I am a Democrat, and proud of it. So I was disappointed to see Roger Low’s column criticizing the Democratic Party and expressing cynicism about its future (“Dems doomed without solid reform plan,” 1/12). What the Democrats need these days is more involvement from idealistic young progressives, not less.

The values that made the Democratic Party great are the values that still drive it today. That’s not to say the organization doesn’t have its shortcomings — all parties do. But those who are searching for a powerful force for good in these turbulent times need look no further than the party that created Social Security and Medicare, enacted landmark civil rights legislation and created the longest period of economic expansion in our nation’s history.

The soul-searching that has taken place within the Democratic Party after recent election cycles has often led to exaggerated bouts of self-recrimination. But Low’s exact problem with the Democrats is unclear. Much of it seems to boil down to an alleged failure of messaging, as when he concedes that Democrats have proposed “a modest but significant package of desperately needed changes to the Washington system,” then blasts Democratic leaders for not hyping it enough.

A party deserves to be abandoned if it loses sight of its ideals, stops caring about real people, or sells out its constituents. Threatening to bolt from the ranks because the party leadership hasn’t held the right press conferences is absurd. It is that misplaced emphasis on style over substance that often gets the Democrats into trouble in the first place. We have to remember the ideals we hold and the people we are fighting for, and commit ourselves to carrying that fight through to the end.

This is especially true as we gear up for a 2006 election season that offers a chance to truly hold the Republicans accountable for their failures. This Republican government led us into a war on false pretenses, then mismanaged it. It turned the largest surplus in history into the largest deficit in history. It turned the Capitol into a revolving door for lobbyists and turned the other way when top White House aides leaked the identity of a covert CIA agent for political retribution. It allowed the Bush administration to engage in secret wiretapping of American citizens without warrants, an incredibly disturbing and legally indefensible practice whose use they had consistently denied to the public.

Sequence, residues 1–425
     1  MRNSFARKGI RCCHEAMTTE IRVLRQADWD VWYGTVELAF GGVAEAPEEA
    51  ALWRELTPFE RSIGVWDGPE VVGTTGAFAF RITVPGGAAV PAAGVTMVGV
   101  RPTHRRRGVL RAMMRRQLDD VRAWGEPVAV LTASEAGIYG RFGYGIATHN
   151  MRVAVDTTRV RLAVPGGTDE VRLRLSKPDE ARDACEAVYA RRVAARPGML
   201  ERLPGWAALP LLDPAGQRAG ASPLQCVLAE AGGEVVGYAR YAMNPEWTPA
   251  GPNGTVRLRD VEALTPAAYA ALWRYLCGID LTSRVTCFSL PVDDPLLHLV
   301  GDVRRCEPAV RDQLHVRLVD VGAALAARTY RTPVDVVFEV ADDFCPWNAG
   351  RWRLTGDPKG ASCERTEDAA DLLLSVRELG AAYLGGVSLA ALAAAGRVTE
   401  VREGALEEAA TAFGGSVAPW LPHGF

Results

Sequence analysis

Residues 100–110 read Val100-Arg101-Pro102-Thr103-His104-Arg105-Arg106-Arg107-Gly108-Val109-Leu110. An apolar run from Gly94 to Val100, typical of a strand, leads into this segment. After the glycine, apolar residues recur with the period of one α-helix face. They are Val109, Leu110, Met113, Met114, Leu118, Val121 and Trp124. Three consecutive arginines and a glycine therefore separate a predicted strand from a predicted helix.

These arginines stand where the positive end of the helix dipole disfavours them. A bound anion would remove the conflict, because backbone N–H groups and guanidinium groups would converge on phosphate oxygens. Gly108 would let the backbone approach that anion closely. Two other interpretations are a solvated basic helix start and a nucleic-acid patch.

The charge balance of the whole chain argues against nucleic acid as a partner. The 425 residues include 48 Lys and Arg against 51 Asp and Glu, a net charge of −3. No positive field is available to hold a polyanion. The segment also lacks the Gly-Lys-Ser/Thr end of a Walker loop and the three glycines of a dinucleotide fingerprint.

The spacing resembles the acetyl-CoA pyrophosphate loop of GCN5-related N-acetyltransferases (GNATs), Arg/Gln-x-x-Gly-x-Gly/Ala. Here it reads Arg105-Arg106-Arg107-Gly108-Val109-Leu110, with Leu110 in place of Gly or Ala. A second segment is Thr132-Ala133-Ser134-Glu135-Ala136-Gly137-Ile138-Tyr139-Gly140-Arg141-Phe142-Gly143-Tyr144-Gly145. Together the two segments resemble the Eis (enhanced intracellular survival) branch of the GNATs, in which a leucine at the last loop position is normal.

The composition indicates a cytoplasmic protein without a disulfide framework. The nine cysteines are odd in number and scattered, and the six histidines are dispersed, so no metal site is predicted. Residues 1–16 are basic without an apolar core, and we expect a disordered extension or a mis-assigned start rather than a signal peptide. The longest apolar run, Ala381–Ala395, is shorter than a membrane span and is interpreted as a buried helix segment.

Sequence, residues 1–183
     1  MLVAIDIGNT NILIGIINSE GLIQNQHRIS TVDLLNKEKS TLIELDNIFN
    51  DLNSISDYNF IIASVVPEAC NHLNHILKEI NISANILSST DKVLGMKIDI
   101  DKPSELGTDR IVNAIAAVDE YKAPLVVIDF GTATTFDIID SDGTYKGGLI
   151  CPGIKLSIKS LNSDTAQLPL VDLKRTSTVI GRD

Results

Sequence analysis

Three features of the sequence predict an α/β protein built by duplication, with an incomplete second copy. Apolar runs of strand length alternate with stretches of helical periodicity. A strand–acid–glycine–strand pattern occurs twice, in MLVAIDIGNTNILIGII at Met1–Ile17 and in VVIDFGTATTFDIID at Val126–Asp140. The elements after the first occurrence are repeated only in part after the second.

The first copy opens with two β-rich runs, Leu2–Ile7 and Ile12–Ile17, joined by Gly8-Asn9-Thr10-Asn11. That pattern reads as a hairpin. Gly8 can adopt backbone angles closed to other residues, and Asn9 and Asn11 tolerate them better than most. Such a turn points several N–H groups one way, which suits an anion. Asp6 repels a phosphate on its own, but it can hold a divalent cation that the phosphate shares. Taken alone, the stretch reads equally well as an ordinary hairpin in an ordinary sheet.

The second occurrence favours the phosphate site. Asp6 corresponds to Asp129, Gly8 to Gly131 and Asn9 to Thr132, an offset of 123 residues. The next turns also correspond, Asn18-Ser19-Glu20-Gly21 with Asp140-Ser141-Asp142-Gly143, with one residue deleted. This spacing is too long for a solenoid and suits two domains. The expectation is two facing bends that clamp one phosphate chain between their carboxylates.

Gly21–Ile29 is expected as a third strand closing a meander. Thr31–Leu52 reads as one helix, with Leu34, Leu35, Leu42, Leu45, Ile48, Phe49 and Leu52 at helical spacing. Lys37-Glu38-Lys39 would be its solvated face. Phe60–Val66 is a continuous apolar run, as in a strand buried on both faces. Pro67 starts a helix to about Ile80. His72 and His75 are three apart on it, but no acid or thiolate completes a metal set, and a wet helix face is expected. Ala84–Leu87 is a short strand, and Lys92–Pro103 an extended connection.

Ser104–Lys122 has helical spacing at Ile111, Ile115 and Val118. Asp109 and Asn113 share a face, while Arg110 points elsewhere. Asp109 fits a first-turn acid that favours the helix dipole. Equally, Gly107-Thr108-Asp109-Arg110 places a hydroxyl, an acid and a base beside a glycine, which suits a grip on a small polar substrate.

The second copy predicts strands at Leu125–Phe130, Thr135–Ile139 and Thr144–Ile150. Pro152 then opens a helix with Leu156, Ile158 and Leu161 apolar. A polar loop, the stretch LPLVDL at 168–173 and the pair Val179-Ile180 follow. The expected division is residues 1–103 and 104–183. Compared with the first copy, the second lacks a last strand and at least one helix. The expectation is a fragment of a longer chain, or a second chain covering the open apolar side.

The only thing scarier than what the Republicans have done recently is the prospect of what they will do in the future if the upcoming midterms do not turn the tide. Continued GOP dominance means more corruption, more tax giveaways to the wealthy, more catering to the extreme fringe, more efforts to privatize Social Security, more attacks on a woman’s right to choose. It means less attention paid to issues, like poverty and education, that demand serious solutions.

Democratic gains in the upcoming elections will allow us to pass a wide range of important reforms. A Democrat-controlled Senate could stop the president from packing the Supreme Court with far-right justices and keep cronies like Michael Brown out of the bureaucracy. A Democrat-controlled House could open long-needed investigations into Washington corruption and incompetence. With more Democrats in office we could restore fiscal sanity, protect basic rights from right-wing attacks and help foster a smarter foreign policy.

To get there, we need to be politically smart. Low’s calls for a comprehensive Democratic reform plan aren’t wrong, they’re just premature. No party rolls out its election-year agenda in January, giving the opposition 10 months to thrash it. Low asks why the party hasn’t already “taken a page from Newt Gingrich’s book … and signed onto a new ‘Contact with America.'” He forgets that the Republicans released their “Contract with America” a mere six weeks before the 1994 midterm elections.

Indeed, at this stage in the calendar the opposition party’s job is largely to convince the country that the party in power isn’t offering plausible solutions to the challenges of the day. On that score, Democrats have been remarkably effective of late.

Many a liberal mind on campus these days thinks the national Democratic Party could do a better job in some areas. But jumping ship now is unhelpful and uncalled for. Instead, progressive students should commit themselves to fighting for change.

Students can help by getting involved in Democratic campaigns, especially as we get closer to November. They can also get involved by advocating for issues and pushing the party to live up to its highest ideals. Last semester, student activists played a major role in convincing the Connecticut legislature to pass the most significant campaign finance reform in this country’s history. In the next few months, the Yale College Democrats, along with Project Opportunity and several other campus groups, will be lobbying for a statewide Earned-Income Tax Credit — a badly needed anti-poverty measure.

A commitment to disengagement is not a strategy for change. So long as they believe in the underlying values of our party, Democrats have an obligation to get more involved, not less. Taking back our country will take some hard work. But if Democrats come together now and every day until November, we can accomplish more than we ever dreamed possible. This is no time to sit on the sidelines.

Brendan Gants is a sophomore in Morse College. He is the president of the Yale College Democrats.